Genetic analysis using components of TOR signaling showed that, while expression of p70-S6K moderately affected the size of the ommatidia (Table (Table1,1, P < 0.05, t test), expression of the UAS-RhebAV4 allele  showed an 89% increase of ommatidia size in ey-dm+ /Y flies (Table (Table1,1, P < 0.001, t test) and this effect was drastically reduced in ey-dmP0/Y and ey-dm4/Y animals (Table (Table1,1, P < 0.001, t test). This event was statistically significant as demonstrated by our analysis of the relative size increases across the different dm genetic backgrounds (Table S1 in Additional file 4; P < 0.001, z test).
In summary these data suggests that Myc functions downstream of TOR signaling to control the growth of the size of the ommatidia.
While performing these experiments we noticed that expression of components of TOR signaling, and in particular of the strong RhebAV4 allele, had a significant negative effect on the total number of ommatidia (Table (Table1;1; P < 0.001, t test). Moreover, this effect was rescued by reducing dmyc levels (Figure (Figure4,4, Table Table1).1). To understand the molecular mechanisms that caused Rheb to reduce the ommatidia number, imaginal discs from third instar larvae expressing UAS- RhebAV4 transgenes, were examined for defects in cell proliferation or for increased cell death. Imaginal eye discs from ey-dmP0/Y or wild-type ey-dm+/Y animals carrying the UAS-RhebAV4 transgene were subjected to bromodeoxyuridine (BrdU) labeling to detect DNA replication (S phase), or immunostained with anti-active caspase-3 to detect apoptotic cells. This analysis revealed that, while no significant changes were observed in the pattern of BrdU labeling between the different genotypes (Additional file 6), a significant increase in the number of caspase-3 positive cells in the antennal and eye imaginal discs of ey-dm+/Y; UAS-RhebAV4 /+ larvae was seen, which was significantly reduced in ey-dmP0/Y; UAS-RhebAV4 /+ animals (Additional file 7). This highlights a potential mechanism for TOR signaling to induce cell death when growth is in excess.
Previous studies in vertebrates have indicated a critical function for Myc downstream of growth factor signaling including insulin-like growth factor, insulin and TOR pathways [18,48-50]. In Drosophila, despite a few notes that Myc transcriptional activity acts downstream of insulin and TOR pathways [23,24], no clear molecular mechanisms linking these pathways to Myc have been elucidated yet.
We previously demonstrated that inhibition of GSK3β prevents Myc degradation by the proteasome pathway . In this report, we further unravel the pathways that control Myc protein stability and show that signaling by insulin and TOR induce Myc protein accumulation by regulating GSK3β activity in S2 cells. GSK3β is a constitutively active kinase that is regulated by multiple signals and controls numerous cellular processes . With our biochemical data we propose that GSK3β acts as a common point where insulin and TOR signaling converge to regulate Myc protein stability (Figure (Figure5).5). In particular, we showed that activation of insulin signaling induces activation of Akt, an event that is accompanied by GSK3β phosphorylation on Ser 9 that causes its inactivation and Myc protein to stabilize (Figure (Figure1B).1B). Interestingly, insulin-induced Myc protein accumulation, when GSK3β activity was blocked by the presence of LiCl or by expression of GSK3β-KD, was similar to that obtained with insulin alone. Since we showed that activation of insulin signaling leads to GSK3β inhibition and to an increase in Myc protein, if insulin and GSK3β signaling were acting independently, we would expect that activation of insulin signaling concomitantly with the inhibition of GSK3β activity would result in a higher level of Myc than that obtained with insulin or LiCl alone. Our results instead showed a similar level of Myc protein accumulation with insulin in the presence of GSK3β inhibitors as compared to insulin alone (Figure (Figure1D1D and and1E,1E, compare lane 2 and 4), supporting the hypothesis that GSK3β and insulin signaling, at least in our experimental condition, depend on each other in the mechanism that regulates Myc protein stability.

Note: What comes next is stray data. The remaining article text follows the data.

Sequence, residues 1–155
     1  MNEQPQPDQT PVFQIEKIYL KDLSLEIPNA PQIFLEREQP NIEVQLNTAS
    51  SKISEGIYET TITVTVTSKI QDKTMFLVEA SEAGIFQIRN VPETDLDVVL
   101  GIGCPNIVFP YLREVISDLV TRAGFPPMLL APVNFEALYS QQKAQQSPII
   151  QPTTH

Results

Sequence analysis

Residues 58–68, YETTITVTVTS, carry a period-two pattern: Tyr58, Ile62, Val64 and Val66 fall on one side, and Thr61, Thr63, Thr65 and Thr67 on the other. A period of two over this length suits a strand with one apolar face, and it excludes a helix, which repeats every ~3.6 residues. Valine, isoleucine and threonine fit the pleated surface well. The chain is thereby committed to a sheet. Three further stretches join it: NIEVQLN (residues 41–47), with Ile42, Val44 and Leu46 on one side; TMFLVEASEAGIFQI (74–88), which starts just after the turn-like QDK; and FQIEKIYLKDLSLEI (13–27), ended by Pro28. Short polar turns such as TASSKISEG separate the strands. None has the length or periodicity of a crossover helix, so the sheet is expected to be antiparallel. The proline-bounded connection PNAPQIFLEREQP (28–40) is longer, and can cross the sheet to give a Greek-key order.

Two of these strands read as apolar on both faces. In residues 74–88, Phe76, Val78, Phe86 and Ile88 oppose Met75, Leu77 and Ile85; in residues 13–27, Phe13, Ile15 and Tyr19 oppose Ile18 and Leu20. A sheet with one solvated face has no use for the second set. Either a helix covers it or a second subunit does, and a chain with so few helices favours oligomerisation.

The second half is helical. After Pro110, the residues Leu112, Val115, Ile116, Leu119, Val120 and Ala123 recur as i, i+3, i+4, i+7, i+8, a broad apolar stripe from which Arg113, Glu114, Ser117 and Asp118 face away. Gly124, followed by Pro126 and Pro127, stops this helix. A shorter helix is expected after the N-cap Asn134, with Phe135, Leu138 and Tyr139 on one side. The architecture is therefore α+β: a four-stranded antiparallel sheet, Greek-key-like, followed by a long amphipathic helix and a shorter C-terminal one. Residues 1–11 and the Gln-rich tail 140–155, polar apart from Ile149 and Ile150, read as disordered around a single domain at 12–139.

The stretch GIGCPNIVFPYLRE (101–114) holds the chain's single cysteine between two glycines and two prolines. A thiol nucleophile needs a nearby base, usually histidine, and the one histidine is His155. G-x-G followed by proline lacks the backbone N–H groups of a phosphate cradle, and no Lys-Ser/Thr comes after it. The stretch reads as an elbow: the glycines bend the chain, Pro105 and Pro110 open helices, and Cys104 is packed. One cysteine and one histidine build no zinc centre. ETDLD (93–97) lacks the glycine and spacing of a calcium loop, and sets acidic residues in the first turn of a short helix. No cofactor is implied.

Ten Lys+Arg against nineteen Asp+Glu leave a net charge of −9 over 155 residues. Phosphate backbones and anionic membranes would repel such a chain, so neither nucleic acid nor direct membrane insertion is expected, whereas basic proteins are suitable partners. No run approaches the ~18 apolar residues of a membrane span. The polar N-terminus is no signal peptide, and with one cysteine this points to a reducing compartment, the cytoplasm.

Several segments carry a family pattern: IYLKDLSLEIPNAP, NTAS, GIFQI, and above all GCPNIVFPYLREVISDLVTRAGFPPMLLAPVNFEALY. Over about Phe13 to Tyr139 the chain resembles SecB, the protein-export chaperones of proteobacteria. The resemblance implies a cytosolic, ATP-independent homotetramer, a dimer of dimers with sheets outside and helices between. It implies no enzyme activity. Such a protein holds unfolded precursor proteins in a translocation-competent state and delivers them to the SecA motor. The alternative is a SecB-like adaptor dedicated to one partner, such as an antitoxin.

In a similar biochemical approach, we analyzed the effect of AAs on Myc protein stability and how TOR signaling is linked to mechanisms that inactivate GSK3β to stabilize Myc protein in S2 cells. In these experiments we were able to demonstrate that AAs increased Myc protein stability, and we also showed that treatment with rapamycin, an inhibitor of TORC1, reduced insulin-induced Myc upregulation. The reduction of Myc protein accumulation by rapamycin was blocked by inhibition of the proteasome pathway, linking TOR signaling to the pathway that controls Myc protein stability (Figure (Figure1F).1F). TORC1 is a central node for the regulation of anabolic and catabolic processes and contains the central enzyme Rheb-GTPase, which responds to amino acids by activating TOR kinase to induce phosphorylation of p70-S6K and 4E-BP1 [14,15]. Our analysis of the molecular mechanisms that act downstream of TOR to regulate Myc stability shows that AA treatment induces p70-S6K to phosphorylate GSK3β on Ser 9, an event that results in its inactivation and accumulation of Myc protein (Figure (Figure22).